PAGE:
GRASP will not apply to new subdivisions or new residences that are built to code, since they will have no front or back yards. When I queried DT on the model for this subdivision plan, I was referred to the new subdivisions north of Toronto as being a prime example of how we ought to be building in our city. A recent fact-finding mission to the Georgian Raceway also took a side trip to view these southern phenomena.

A Community Services memo, which mysteriously appeared on my email courtesy of DT, said that they agreed with the mayor’s vision of having no trees, pools or ponds since the outlying area around the city had numerous trees, lakes, etc. The same thinking applied to having lawns, as there are many farms in the area where city residents can visit and see grass.

There was no truth that there would be a surcharge for flower beds since someone had lobbied very hard to keep these as tax exempt if they met the standards of the Blooming Community project. However, anyone who seeks exemption from the 5% PITS surcharge for a garden must apply for re-zoning of that area to ‘farmland’. There is a small fee for that application which will be applied against the NBMCA debt.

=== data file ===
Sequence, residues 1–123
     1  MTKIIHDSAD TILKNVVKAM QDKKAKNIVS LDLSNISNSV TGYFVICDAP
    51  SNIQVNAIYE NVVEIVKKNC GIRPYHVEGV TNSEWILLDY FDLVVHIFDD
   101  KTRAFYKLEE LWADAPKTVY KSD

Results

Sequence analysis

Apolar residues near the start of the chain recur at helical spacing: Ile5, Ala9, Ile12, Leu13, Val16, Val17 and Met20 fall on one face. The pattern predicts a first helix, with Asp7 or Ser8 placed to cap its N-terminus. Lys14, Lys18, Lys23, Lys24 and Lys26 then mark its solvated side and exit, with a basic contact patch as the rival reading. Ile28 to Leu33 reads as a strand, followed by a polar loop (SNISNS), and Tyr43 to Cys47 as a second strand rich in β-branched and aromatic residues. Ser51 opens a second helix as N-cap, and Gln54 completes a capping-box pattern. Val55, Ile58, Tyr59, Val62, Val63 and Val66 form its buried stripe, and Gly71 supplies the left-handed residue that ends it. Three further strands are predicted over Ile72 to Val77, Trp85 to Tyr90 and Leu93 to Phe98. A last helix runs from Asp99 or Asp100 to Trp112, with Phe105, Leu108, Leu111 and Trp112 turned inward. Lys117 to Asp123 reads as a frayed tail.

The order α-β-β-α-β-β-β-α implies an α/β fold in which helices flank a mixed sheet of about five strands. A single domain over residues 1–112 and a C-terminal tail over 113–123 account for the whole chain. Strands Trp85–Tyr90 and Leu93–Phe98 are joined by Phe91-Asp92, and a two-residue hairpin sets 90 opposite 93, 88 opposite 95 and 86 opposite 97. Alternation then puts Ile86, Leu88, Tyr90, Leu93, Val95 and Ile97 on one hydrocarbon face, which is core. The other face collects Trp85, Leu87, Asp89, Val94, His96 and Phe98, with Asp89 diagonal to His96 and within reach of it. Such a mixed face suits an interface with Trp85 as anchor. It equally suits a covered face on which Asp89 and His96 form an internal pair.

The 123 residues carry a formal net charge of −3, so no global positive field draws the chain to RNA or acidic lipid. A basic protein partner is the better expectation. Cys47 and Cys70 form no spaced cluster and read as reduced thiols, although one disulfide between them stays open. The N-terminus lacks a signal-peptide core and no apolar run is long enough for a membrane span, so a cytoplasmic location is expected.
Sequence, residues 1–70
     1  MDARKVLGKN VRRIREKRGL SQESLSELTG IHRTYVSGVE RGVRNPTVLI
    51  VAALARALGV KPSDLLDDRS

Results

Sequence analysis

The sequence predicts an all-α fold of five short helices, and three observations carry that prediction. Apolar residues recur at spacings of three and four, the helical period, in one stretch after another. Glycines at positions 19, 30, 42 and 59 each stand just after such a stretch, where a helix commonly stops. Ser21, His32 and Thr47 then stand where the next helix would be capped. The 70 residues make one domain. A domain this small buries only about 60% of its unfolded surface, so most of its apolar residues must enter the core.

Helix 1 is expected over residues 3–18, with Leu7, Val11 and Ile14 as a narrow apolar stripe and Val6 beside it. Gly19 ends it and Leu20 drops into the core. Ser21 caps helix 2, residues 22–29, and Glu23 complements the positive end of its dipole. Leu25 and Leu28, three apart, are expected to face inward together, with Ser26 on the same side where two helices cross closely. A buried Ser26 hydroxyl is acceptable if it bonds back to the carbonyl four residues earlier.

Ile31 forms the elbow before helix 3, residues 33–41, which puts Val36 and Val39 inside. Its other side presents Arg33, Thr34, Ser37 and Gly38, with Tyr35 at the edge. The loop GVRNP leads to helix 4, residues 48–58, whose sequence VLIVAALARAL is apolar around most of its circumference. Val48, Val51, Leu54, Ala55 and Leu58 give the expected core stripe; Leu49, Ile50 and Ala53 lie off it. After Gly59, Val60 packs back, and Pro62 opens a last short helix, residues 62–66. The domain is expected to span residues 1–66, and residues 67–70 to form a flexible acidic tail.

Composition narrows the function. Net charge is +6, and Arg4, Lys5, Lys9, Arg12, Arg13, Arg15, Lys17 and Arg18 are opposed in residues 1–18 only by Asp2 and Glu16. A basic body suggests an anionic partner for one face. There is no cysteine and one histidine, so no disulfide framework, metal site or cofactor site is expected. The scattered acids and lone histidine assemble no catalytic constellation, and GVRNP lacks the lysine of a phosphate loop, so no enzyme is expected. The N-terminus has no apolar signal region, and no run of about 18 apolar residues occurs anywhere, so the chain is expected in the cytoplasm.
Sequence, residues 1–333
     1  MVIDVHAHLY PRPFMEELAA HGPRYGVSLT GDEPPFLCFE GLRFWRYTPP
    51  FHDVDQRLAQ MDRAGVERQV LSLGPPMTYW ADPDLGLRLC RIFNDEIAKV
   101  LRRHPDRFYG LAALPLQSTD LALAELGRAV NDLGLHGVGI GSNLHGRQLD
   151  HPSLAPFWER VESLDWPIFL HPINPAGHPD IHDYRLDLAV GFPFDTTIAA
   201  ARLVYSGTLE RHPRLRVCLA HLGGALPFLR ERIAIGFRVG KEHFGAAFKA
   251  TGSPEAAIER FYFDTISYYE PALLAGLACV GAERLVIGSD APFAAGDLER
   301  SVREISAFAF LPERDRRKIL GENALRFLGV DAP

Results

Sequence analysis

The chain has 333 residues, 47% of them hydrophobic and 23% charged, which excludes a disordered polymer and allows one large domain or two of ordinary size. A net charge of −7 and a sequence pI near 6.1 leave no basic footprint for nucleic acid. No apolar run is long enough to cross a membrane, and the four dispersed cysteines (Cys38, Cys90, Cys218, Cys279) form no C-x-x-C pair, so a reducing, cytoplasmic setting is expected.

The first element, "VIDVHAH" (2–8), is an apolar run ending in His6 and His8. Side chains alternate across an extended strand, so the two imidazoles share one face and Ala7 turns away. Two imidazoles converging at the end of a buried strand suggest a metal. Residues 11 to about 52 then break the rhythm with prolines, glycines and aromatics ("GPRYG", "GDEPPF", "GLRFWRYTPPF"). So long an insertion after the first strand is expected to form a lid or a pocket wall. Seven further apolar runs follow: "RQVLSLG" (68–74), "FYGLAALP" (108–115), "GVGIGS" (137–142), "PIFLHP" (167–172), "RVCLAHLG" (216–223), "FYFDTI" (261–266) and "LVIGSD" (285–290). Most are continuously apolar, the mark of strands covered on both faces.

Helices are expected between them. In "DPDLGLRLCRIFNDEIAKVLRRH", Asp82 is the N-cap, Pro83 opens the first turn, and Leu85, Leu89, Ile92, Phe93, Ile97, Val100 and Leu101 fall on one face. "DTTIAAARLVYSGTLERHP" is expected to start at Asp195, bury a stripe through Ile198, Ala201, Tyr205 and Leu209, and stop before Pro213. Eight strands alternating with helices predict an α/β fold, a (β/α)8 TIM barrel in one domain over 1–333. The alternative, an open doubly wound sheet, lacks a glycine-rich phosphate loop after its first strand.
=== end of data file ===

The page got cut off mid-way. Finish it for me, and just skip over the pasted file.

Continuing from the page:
In a move that ties in with PITS, all goldfish ponds must be removed by 2006 since the Health Unit mosquito control program considers these a public health hazard. The only option is to enclose the ponds in a screened structure that meets the building code for animal husbandry, section 237 (b) (ii). A building permit is required. A former building official opined that section 73 (15) (iv) might apply if the ponds were viewed as a fish farm, but he thought the city might instruct its inspectors to sidestep the Ontario Building Code Act.